Arch Virol (1998) 143: 1295–1309
Isolation and characterization of cytopathogenic classical
swine fever virus (CSFV)
, M. Büttner, and G. Meyers
Federal Research Centre for Virus Diseases of Animals, Tübingen,
Federal Republic of Germany
Accepted February 19, 1998
Summary. Two new classical swine fever virus (CSFV) isolates obtained from
naturally infected swine were found to exhibit a cytopathogenic (cp) phenotype.
According to their reactivity with monoclonal antibodies (mabs) the isolates
cpBW1 and cpMVP1 were classiﬁed as antigenic types “Lothringen’92” and
“Flandern’90”, respectively. In Northern blot analyses and PCR assays CSFV
RNA of subgenomic length was detected in infected cells indicating the presence
of defective interfering particles. Nucleotide sequencing of cDNA fragments ob-
tained by reverse transcription (RT)-PCR allowed to localize in the genomes of
the cpMVP1 and cpBW1 DIs deletions of 4,764 and 4,746, respectively. From
the latter isolate a noncytopathogenic (noncp) biotype was obtained by cloning in
cell culture. CSFV cpBW1 and a noncp isolate were used separately for infection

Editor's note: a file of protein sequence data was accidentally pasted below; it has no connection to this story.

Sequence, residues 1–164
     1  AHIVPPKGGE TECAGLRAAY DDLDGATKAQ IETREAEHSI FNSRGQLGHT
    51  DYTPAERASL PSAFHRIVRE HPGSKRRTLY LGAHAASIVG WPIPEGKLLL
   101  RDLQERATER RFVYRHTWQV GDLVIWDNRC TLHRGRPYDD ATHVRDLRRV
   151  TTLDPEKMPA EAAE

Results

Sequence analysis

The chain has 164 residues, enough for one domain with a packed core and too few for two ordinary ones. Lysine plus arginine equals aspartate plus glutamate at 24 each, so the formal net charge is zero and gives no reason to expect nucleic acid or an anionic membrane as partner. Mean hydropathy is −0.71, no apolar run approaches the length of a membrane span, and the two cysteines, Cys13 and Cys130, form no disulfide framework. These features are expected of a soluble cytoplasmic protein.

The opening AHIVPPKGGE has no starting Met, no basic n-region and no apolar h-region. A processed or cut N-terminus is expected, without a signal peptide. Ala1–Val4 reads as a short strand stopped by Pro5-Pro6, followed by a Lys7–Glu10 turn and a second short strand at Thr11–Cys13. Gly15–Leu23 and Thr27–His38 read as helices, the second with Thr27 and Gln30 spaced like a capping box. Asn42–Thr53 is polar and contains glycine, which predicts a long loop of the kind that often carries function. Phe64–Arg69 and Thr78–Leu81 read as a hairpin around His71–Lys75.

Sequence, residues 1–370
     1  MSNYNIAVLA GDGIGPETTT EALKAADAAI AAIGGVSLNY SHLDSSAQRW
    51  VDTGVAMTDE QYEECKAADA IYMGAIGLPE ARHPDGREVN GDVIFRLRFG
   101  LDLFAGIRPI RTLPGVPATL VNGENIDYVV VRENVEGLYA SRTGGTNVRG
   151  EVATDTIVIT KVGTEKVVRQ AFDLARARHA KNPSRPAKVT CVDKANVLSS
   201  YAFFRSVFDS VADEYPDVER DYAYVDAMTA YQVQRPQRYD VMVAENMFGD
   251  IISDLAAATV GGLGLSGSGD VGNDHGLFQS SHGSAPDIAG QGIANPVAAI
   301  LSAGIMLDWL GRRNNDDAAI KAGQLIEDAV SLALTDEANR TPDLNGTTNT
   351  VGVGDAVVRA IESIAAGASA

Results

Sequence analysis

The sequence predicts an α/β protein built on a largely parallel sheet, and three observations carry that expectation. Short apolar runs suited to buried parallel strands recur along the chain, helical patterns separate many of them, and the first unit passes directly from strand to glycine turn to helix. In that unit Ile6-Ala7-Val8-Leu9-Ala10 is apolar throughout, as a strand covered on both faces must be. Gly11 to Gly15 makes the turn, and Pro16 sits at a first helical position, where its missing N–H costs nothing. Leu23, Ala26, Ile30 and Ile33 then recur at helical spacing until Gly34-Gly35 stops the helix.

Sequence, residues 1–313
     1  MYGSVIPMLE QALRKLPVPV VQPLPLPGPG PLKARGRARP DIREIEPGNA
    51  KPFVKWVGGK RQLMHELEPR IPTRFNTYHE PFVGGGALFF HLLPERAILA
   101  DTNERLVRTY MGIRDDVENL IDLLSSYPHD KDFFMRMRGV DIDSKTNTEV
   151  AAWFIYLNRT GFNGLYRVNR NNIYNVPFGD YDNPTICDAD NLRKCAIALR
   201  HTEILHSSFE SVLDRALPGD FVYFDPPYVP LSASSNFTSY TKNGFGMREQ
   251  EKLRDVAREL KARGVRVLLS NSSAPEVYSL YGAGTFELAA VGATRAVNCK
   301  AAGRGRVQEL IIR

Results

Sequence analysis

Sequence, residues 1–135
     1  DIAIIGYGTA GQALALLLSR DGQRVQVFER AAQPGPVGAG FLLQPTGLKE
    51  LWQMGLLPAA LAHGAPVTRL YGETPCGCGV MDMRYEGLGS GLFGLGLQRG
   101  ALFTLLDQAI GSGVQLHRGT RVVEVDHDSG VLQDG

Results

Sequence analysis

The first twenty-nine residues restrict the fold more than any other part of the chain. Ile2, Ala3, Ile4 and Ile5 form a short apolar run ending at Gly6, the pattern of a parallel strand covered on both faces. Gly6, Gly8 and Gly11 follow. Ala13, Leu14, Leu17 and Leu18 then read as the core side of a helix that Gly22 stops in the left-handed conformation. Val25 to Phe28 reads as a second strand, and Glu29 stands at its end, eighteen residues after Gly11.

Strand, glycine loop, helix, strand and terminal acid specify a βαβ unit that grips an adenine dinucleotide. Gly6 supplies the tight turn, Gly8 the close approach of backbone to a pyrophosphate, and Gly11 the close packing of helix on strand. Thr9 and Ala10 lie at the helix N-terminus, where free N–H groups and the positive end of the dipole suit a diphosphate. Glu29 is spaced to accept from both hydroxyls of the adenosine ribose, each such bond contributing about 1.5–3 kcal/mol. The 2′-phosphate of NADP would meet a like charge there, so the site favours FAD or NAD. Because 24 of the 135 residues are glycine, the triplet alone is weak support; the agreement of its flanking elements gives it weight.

of pigs. Viremia occurred much quicker after infection with cp virus and clinical
signs were more prominent compared to animals infected with noncp virus.
Three closely related virus species, bovine viral diarrhea virus (BVDV), border
disease virus (BDV) of sheep and classical swine fever virus (CSFV), form the
genus pestivirus within the family Flaviviridae . Pestiviruses represent
important pathogens of animals which cause severe losses in lifestock farming.
An interesting biological characteristic of these positive strand RNA viruses is
the existence of noncytopathogenic (noncp) and cytopathogenic (cp) biotypes
among all pestiviruses. Cytopathogenic pestiviruses emerge from noncp viruses
by mutational events and may be considered genetic accidents [22, 23]. At least
for BVDV the cp biotype has a major disadvantage for long term survival in vivo
Present address: Staatliches Veterinäruntersuchungsamt Krefeld, Krefeld, Germany.